Peak power for Cambridgeshire
In an ambitious move to increase revenue from its land assets, Cambridgeshire County Council (CCC) sought specialist consultancy support for assessing a site and technology option for a peaking power generation or battery storage system. CCC lacked market experience, but it had developed renewable energy schemes including a 10-MW solar photovoltaic scheme.
CCC selected ADAS, an RSK company, to complete the multifaceted contract. It referenced our GIS mapping expertise, track record in supporting developers of renewable energy schemes and our advanced experience of working with agricultural landowners on projects that diversify income and develop businesses. We secured the contract against 17 rival consultancies.
Protecting front-line services
The project aimed to identify sites that could be developed to generate additional income, thereby protecting front-line services. The council nominated 204 sites, ranging from large farm estates to educational centres in urban areas. ADAS specialists assessed the potential for peaking power generation and energy storage projects. Specifically, our methodology included using GIS software to screen sites for environmental, planning and development constraints; assessing network viability through network analysis and discussing findings with the network operator; reviewing relevant planning policies; and visiting the selected sites for detailed assessments.
Several technology options and scales were considered along with different electricity grid connection options. For each option, a financial model provided CCC with a breakdown that included capital expenditure, revenues and operation and maintenance costs. We provided detailed summaries of technologies, markets and revenue risks. Finally, we reviewed national and local planning policies and assessed similar applications that the relevant planning authorities had already considered.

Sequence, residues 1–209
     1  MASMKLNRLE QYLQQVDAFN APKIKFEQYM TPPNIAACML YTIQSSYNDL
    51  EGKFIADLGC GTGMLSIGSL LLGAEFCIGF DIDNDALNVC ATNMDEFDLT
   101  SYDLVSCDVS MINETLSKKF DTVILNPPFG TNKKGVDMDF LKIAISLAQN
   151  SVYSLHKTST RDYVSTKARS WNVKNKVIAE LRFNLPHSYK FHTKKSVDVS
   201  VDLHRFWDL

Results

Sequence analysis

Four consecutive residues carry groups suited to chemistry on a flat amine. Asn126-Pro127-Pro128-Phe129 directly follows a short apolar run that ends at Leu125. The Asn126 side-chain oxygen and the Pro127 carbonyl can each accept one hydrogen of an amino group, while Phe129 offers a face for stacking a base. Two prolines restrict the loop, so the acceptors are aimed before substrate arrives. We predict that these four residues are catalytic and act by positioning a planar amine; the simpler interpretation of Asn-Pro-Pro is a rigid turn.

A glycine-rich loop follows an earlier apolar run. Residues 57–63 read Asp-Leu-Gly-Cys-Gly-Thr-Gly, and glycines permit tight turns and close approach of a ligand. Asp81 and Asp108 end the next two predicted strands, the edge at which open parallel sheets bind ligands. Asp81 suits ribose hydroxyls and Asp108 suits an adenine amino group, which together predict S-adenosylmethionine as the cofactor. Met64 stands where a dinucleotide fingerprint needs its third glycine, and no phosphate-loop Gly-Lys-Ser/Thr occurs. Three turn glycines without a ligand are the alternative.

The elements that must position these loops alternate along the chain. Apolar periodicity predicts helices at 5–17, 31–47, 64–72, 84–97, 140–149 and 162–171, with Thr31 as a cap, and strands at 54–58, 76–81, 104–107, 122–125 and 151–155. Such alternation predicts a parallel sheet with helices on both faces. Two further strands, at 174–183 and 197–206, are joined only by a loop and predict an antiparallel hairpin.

The right site for CCC
After completing our scope of work, we identified four potential sites (three farm sites and one urban) and created project proposals ranging in scale from 1 to 40 MW to suit these sites. These included stand-alone projects providing services to ancillary markets and projects that used on-site renewable generation to generate savings on existing consumption and income from energy storage markets.
We recommended energy storage rather than peaking power projects for further investigation, which reflected a market that favours using batteries to store energy already generated rather than using fossil fuels to generate energy on demand. The report recommended a joint venture between CCC and a private-sector specialist to maximise the financial benefits while mitigating some of the risks associated with an emerging market. CCC is reviewing our report and planning how best to proceed.